In general, the CRA requires you to keep records for a period of six years, but there are exceptions. Some records involving long-term acquisitions and disposal of property must be kept indefinitely. There are also exceptions for records destroyed by a disaster. In general, if you file a late tax return, tax adjustment, objection, or appeal, you must keep records for six years prior to the tax year in which the adjustment, objection, or appeal is being made. When a nonincorporated business or organization ends, records must be kept for six years from the end of the tax year in which it ended. When a corporation ends, records are only required to be kept for two years after the dissolution.

Record Keeping for Electronic Records and Audit Trails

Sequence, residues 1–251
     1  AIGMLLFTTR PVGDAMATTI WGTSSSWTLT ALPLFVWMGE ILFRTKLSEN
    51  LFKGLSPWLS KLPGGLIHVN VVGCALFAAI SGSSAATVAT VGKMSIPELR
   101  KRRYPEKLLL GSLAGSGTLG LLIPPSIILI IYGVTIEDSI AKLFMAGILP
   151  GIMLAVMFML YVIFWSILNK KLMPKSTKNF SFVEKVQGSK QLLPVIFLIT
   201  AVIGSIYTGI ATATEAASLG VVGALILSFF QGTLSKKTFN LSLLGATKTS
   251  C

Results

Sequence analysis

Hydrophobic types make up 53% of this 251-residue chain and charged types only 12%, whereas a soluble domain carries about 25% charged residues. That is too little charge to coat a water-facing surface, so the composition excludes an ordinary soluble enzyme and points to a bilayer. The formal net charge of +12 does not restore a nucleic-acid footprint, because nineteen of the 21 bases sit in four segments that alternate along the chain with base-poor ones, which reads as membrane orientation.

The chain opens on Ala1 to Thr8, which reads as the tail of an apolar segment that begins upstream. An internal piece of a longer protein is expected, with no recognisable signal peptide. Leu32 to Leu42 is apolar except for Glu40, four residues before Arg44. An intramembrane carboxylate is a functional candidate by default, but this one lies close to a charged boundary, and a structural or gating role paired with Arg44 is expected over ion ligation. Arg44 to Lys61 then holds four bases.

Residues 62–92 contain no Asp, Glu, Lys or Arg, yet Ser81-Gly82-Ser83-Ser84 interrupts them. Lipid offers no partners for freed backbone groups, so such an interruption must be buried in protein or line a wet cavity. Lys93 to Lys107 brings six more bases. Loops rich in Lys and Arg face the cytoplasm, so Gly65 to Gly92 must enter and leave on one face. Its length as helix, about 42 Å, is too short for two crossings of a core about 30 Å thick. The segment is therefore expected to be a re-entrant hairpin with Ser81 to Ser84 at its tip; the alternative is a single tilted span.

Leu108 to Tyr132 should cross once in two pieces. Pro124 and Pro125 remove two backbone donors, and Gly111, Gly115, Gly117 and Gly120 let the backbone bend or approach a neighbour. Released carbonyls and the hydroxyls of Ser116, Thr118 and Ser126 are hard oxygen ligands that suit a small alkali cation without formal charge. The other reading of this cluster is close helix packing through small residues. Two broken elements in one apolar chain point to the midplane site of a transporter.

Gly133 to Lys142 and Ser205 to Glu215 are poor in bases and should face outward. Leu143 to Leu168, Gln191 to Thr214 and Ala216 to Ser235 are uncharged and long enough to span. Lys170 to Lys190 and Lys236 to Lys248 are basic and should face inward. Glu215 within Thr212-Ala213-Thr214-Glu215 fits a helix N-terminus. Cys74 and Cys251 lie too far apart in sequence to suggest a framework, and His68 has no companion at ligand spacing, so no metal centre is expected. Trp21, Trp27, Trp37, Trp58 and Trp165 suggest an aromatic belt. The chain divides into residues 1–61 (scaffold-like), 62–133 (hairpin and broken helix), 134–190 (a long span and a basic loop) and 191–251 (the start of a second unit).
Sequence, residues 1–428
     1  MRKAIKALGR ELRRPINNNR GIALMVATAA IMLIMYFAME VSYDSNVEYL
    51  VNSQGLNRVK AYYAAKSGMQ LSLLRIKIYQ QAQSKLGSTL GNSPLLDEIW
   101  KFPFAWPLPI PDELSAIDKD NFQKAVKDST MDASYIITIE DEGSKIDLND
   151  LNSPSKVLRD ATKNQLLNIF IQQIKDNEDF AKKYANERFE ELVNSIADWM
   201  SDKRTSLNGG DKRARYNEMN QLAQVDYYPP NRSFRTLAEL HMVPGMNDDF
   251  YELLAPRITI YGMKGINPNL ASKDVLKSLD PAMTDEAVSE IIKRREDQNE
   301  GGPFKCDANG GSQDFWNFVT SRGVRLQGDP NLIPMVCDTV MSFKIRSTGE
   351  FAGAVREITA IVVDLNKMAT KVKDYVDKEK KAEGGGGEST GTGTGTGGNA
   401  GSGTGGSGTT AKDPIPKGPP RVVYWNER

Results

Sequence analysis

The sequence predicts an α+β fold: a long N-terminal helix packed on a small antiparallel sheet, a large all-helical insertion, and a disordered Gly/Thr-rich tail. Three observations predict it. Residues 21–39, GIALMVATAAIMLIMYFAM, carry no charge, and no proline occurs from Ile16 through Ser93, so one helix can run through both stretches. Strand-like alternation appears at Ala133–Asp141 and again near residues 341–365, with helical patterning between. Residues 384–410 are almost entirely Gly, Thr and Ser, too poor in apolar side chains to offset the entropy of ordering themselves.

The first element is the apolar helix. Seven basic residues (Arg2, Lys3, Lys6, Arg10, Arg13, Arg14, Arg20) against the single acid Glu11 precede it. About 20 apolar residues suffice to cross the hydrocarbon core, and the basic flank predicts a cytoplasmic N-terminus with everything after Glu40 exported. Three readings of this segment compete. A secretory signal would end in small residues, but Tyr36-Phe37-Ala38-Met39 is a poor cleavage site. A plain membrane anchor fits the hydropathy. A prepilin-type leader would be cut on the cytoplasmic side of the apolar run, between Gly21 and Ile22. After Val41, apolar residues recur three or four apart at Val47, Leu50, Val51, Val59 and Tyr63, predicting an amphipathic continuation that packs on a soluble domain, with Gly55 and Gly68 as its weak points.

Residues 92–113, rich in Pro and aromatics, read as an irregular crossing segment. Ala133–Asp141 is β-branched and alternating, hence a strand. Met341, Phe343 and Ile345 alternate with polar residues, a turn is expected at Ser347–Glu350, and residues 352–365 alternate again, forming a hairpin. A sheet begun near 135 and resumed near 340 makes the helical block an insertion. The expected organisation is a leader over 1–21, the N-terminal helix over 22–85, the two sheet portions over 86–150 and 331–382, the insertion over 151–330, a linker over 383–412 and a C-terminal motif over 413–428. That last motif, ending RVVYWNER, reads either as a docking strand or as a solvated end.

If your records are stored electronically, you want to make sure they are readable by CRA software and that backup copies are made at a location other than the primary location of your organization. Registered charities, registered Canadian amateur athletic associations, and other qualified donees are required to store backup copies at a location within Canada. Electronic files stored outside of Canada and accessed from Canada are not considered to be records kept in Canada. This underscores the importance of selecting accounting software that can support the specific needs of your organization, particularly as it relates to being able to create an audit trail. An audit trail is the data or supporting information required to recreate a business transaction. The trail should include links to associated processes. Process maps are often used as a way to visualize an audit trail from one end of the organization to the other.